Galactic archeologists create the first map of Milky Way’s stellar halo
Sarah Cate Baker | Monday, November 23, 2015
If you’ve ever looked up at the stars and wondered how they got there, a group of galactic archeologists on campus might have some answers for you.
Research assistant professor of astrophysics Daniela Carollo said her group looks at “ancient stars.”
“First of all, what we do in the galactic archeology group is we observe, study and analyze ancient stars in the Milky Way,” Carollo said. “By ancient stars, I mean stars that formed while the galaxy was being assembled, and even before.”
Carollo said these ancient stars are the “fossils” of our galaxy — hence the name galactic archeology.
Research assistant professor Vinicius Placco, another member of the galactic archeology group, said the group has two goals: to identify the chemical composition of ancient stars and to understand how they move in the galaxy.
“We couple the chemistry with the movement of the star, and then we try to come up with explanations of how the stars move the way they do and why,” Placco said.
In the group’s most recent paper, the researches created an age map that dated 4,700 stars in the Milky Way’s stellar halo, Carollo said.
“The Milky Way is a complex system — there is this disc where most of the stars are concentrated, and there is this very extended stellar halo that surrounds all the other structures. … This halo is where the fossils reside,” she said.
She said the fossils can be 12 or 13 billion years old.
“So the universe started 13.8 billion years ago, with the big bang,” she said. “There was a point of high density and high temperature which started to expand very fast, and time and space began in that particular moment.”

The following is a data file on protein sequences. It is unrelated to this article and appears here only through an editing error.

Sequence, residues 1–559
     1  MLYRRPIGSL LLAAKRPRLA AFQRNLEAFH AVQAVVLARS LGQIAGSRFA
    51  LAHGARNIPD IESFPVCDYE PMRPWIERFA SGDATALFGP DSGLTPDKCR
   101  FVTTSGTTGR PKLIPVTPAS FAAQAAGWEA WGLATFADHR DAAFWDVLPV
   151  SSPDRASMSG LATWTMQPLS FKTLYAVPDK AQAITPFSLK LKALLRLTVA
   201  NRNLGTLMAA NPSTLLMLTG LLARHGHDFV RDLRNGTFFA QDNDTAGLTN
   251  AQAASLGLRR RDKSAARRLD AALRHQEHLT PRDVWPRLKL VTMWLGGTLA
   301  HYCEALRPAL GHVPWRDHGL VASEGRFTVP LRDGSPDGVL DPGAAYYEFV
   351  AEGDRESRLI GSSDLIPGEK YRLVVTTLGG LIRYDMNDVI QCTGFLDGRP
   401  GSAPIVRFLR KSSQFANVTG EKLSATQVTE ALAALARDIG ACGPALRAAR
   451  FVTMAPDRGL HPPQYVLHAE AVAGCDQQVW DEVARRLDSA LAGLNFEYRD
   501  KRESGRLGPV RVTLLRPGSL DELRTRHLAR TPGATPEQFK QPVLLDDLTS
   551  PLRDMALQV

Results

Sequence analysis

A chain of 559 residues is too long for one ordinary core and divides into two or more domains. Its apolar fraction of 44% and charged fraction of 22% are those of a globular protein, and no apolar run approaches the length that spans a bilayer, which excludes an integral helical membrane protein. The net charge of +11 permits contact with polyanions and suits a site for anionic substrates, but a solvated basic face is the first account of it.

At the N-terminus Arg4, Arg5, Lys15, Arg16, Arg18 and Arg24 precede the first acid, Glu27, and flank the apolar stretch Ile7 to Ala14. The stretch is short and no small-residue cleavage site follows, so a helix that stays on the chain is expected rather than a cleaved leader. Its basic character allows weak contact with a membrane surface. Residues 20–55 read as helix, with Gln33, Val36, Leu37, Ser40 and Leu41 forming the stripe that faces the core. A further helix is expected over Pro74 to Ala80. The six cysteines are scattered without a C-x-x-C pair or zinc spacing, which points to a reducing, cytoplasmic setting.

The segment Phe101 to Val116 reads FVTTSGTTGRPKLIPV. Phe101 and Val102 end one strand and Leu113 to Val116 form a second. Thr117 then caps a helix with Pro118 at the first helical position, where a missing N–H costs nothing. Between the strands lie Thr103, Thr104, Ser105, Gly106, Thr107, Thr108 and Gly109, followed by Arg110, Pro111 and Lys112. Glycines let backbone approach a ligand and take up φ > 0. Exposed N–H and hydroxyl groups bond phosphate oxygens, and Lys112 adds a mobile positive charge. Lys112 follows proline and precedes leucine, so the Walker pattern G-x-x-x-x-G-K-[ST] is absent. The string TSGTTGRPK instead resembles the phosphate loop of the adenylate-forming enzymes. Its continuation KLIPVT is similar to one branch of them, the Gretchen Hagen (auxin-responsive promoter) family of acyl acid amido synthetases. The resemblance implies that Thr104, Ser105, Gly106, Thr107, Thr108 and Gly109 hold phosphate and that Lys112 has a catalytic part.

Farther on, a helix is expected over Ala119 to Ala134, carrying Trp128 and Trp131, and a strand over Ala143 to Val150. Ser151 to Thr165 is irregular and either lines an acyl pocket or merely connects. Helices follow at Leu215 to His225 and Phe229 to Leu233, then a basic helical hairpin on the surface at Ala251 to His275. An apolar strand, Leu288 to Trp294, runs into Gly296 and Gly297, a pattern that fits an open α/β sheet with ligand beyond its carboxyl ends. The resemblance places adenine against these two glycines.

Carollo said the first stars were formed two to three hundred million years after the big bang, but they were massive and quickly exploded in supernova. The elements and gasses released by these supernova formed the next generation of stars, and those with low mass became our stellar fossils. Smaller stars burn their hydrogen fuel slower, which is why we still see them in our galaxy 13 billion years after they were born.
However, she said, not all fossil stars are the same age — they can differ by two to three billion years. Examining the age of fossil stars and where they are located allows researchers to make guesses on when and how the ancient stars assembled into the galaxy, and ultimately why the Milky Way looks the way it does.
Placco described the method researchers use to estimate the age of stars.
“We have to use a very specific type of star, that’s called blue horizontal branch star — it just means that the star is burning helium in the core,” he said. “And with those particular stars we can turn colors into age estimates. So for this particular map, we selected stars from the SLOAN Digital Sky Survey. We were just measuring fluxes with different filters, so we can just get those magnitudes and colors.”
Once they had those colors, the researchers correlated them with an age and created the first map of the Milky Way halo system.
According to Placco, the researchers found a sphere of very ancient halo stars in the center of the galaxy and increasingly younger stars towards the outer edges.
“People have been doing simulations of how the galaxy formed and how it evolved, and why does it look like the way it does today, for many many years,” Placco said. “In these simulations the old stars are [predicted to be] concentrated towards the center of the galaxy. Our work demonstrates this important property for the first time.”
Carollo said the younger groups of stars on the edges are also significant — they tell us when certain groups of stars merged into the galaxy at later times.
“For example, if the galaxy started to assemble one billion years after the big bang, then this younger [group of stars] merged into the galaxy something like five years to ten billion years after the big bang,” she said.
But for Carollo, the most significant part of the paper is the discovery that stars near the galactic center are very ancient.
“It’s the first time we have demonstrated that the center of the galaxy is very old,” she said.